Thursday, August 09, 2007

Kerry O'Brien 3, Cossie 1

Good interviewers are a rare breed. Too many wilt under serious pressure, particularly from politicians, or become shrill and repetitive. O'Brien however is supremely confident and calm. His interview with Costello last night could easily have degenerated - he point blank asked Costello how the electorate could be expected to distinguish truth from lies in Liberal party advertising - but for O'Brien's experience.

If you were scoring the interview, the opening gave you an indication of events to come:
O'BRIEN, Peter Costello, nine straight interest rate increases in the last six years. Five rate increases since the last election. I thought we were supposed to trust you to keep interest rates at a record low?

PETER COSTELLO, TREASURER: Well, let's put it in context. 19 interest rate cuts and 15 interest rate rises, so the fact of the matter is that interest rates are lower today than when the Government was elected, and in those 11 years, not only have interest rates come down, but we've had 11 years of continuous growth and 2.1 million more jobs added. So, the fact that you could actually have interest rates lower today than they were before this period of expansion commenced, and before 2.1 million jobs have added, shows you how far the economy has come.
Well matched, one all I'd say, however O'Brien's questioning wasn't about whether or not Cossie and co. were good economic managers, it was whether or not they were honest - honest about both the faults of Labor and their own abilities. Remember last election's scaremongering about Labor's ability to keep rates down?

I relieved by this questioning, relieved that the government are being held to account for their ridiculous claims. I'll concede they're managing the economy well enough, but spare us all the omnipotent crap. Which is why I particularly enjoyed this exchange from later in the interview:
KERRY O'BRIEN: As it's risen nine times in six years, the Prime Minister today distanced himself from the Liberal Party promise at the last election to keep interest rates at "record lows". Do you also disassociate yourself from that Liberal Party promise at the last election to keep interest rates at record lows?

PETER COSTELLO: Well Kerry, I have no doubt that a vote for the Coalition at the last election was a vote for lower interest rates and a vote for Labor and Latham.

KERRY O'BRIEN: Mr Costello, Mr Costello this is a very simple proposition I'm putting to you, a very simple proposition. Can we trust your promises or not?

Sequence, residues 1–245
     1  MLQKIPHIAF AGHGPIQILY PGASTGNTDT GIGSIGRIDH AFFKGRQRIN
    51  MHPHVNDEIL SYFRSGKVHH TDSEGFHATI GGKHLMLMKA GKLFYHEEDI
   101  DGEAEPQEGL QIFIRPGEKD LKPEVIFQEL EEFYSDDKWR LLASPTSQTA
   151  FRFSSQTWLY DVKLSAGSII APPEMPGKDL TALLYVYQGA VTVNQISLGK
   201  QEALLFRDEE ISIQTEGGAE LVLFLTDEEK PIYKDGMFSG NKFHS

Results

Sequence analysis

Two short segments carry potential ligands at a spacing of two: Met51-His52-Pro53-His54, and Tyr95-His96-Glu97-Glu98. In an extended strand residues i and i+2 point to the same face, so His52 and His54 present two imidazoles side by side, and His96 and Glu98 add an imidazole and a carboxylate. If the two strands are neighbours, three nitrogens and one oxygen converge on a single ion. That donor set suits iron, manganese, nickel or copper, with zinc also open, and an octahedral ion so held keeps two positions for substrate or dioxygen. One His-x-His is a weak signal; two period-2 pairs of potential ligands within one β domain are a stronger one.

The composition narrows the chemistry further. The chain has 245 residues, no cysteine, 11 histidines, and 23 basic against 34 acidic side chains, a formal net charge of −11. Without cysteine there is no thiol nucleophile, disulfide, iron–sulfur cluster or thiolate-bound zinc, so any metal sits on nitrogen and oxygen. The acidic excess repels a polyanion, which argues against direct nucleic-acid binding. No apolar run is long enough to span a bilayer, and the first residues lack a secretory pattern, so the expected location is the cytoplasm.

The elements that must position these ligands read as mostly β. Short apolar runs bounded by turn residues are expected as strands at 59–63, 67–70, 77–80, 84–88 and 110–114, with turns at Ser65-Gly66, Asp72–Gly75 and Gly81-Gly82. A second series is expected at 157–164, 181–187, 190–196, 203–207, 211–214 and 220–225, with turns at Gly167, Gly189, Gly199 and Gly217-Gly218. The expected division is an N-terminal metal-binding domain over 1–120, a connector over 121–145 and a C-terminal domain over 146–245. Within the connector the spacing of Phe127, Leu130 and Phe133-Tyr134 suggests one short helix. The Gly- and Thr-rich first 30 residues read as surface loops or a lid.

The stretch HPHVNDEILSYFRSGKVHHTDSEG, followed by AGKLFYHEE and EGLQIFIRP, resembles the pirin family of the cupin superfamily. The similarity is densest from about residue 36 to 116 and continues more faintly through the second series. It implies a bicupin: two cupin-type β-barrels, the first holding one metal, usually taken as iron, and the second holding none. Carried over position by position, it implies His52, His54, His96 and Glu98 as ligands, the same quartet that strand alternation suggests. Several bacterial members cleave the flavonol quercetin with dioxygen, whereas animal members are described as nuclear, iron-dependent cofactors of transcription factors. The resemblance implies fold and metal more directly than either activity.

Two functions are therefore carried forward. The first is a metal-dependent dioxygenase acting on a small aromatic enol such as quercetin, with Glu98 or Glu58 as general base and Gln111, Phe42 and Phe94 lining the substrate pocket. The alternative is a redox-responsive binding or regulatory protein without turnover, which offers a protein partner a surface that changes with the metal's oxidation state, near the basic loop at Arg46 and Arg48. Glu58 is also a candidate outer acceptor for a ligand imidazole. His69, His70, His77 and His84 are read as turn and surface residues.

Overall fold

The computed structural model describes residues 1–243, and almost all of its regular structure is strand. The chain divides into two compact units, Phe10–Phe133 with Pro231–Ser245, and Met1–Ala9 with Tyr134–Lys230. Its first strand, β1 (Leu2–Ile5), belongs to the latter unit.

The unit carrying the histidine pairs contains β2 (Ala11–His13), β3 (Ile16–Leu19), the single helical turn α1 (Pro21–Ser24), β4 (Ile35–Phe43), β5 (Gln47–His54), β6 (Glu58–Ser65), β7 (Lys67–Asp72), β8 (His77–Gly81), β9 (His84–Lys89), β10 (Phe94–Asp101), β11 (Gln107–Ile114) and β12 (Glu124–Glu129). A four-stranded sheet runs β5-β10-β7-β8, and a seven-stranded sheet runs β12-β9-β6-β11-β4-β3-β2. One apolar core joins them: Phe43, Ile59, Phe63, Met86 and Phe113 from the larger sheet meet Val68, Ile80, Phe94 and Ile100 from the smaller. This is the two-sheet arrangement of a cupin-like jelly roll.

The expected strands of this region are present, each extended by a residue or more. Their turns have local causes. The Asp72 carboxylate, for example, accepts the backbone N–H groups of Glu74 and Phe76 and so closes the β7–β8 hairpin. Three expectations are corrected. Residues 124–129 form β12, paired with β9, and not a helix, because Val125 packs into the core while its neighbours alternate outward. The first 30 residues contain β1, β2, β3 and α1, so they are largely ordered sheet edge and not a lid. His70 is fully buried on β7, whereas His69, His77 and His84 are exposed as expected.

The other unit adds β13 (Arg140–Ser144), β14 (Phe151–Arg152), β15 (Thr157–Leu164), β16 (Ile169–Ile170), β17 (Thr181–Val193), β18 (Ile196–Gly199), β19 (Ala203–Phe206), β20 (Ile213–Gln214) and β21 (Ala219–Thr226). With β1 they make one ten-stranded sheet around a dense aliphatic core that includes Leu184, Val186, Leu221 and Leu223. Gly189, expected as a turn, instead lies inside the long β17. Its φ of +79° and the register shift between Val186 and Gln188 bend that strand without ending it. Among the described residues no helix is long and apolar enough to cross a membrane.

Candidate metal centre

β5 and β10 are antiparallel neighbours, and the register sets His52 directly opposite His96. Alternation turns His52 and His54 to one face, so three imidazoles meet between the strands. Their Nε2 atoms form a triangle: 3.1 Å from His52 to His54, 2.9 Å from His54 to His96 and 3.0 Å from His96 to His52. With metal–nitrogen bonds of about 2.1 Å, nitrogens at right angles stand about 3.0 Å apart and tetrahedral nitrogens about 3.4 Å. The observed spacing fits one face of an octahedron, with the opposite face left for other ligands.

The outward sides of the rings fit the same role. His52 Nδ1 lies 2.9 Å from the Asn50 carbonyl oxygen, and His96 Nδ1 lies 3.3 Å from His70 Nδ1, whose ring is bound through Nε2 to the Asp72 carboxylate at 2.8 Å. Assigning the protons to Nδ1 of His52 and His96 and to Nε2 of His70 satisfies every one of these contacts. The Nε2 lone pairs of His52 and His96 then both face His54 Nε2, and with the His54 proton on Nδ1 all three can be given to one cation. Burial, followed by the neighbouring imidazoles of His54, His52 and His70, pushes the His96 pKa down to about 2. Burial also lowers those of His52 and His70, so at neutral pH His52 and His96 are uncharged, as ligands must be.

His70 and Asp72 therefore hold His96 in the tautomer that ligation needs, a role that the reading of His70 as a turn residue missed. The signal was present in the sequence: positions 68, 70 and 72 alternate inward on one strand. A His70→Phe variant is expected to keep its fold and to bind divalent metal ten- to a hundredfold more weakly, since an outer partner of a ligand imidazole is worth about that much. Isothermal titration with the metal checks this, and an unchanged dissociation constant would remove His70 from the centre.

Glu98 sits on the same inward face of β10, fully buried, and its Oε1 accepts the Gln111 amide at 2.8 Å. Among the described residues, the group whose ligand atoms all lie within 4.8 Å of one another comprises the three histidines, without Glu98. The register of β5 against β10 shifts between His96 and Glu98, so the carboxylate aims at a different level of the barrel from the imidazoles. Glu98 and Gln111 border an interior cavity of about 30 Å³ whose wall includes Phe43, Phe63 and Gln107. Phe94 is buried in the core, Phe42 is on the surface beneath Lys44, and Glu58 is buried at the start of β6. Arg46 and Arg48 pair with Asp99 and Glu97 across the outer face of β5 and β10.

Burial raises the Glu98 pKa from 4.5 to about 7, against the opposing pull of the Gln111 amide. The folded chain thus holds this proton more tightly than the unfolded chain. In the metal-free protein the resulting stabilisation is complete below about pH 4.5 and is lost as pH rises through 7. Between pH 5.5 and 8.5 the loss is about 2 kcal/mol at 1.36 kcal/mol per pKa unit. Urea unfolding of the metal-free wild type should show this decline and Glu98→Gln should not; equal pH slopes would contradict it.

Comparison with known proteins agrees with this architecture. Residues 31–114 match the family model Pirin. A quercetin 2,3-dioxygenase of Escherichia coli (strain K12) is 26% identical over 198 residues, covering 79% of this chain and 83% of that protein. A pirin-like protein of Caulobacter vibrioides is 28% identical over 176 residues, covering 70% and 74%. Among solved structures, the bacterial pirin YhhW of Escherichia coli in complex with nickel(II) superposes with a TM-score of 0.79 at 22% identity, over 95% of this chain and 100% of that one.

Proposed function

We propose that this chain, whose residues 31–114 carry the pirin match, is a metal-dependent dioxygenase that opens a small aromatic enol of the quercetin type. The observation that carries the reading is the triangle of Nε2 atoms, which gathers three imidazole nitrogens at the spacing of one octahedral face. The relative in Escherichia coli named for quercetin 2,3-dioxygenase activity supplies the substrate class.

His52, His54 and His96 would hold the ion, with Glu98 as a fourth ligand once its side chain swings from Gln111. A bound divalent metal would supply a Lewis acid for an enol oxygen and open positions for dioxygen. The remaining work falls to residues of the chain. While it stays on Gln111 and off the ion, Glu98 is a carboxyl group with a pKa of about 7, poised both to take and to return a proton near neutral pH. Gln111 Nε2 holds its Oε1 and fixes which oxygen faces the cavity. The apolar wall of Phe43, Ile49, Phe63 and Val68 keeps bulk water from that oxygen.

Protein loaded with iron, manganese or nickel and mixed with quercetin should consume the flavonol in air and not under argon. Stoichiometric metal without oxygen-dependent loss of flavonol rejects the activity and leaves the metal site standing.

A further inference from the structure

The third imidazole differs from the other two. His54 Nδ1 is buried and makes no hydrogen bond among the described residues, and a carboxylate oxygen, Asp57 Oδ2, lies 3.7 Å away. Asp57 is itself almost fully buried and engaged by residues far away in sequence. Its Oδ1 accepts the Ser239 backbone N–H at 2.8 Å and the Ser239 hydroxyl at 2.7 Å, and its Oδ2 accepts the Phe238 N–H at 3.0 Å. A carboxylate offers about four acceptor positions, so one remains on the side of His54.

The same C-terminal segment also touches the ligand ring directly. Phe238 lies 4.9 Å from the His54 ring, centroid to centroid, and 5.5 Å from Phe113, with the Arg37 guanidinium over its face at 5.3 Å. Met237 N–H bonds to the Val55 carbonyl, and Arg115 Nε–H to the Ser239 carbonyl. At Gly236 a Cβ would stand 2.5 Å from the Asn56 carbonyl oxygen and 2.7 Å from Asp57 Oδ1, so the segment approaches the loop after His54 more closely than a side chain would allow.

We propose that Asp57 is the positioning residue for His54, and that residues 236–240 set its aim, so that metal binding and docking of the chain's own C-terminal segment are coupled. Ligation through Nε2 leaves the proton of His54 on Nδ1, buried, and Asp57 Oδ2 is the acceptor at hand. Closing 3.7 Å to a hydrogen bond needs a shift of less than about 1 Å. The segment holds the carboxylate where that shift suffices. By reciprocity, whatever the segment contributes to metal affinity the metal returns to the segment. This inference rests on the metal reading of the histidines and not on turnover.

PETER COSTELLO: Of course you can because Kerry...

KERRY O'BRIEN: The promise was record low interest rates.

PETER COSTELLO: Ok, you've asked your question, now let me give you the answer. The last election you could have voted for Labor led by Mark Latham or the Coalition led by John Howard and Peter Costello. The fact is if you wanted to vote for lower interest rates, you voted for the Coalition, Costello and Howard. I don't think even Kevin Rudd in his wildest imagination would have said that a vote for the Labor Party and Mark Latham would have had us in the situation we're in now. That's what they we're saying. Mark Latham for Prime Minister and the Labor Party. The vote for the Coalition was the vote for low interest rates, it's proven by comparing the historical record, and it's proven by comparing Australia's position in relation to growth in other countries.

KERRY O'BRIEN: But you've left out the word "record low interest rates" Mr Costello, which was what was promised at the last election. So when we see Liberal Party ads making all sorts of claims during this next election campaign, how do we know which ones to believe and which ones not to believe?
Well said that man! Two - one O'Brien.

And finally, O'Brien challenges Cossie to explain the benefit of tax cuts - five in five successive budgets - which merely offset the rising cost of debt? Five tax cuts, but seven rate rises? Cossie's answer is very poor - the tax cuts have not put the government into debt. But Cossie, that's not the point, your books might balance, but do those of the working families on whose good favour you rely for re-election? Three - one O'Brien by my count.

Full transcript and video here.

1 comment:

David C said...

Sounds pretty good -- any chance this chap would like a job in New Zealand?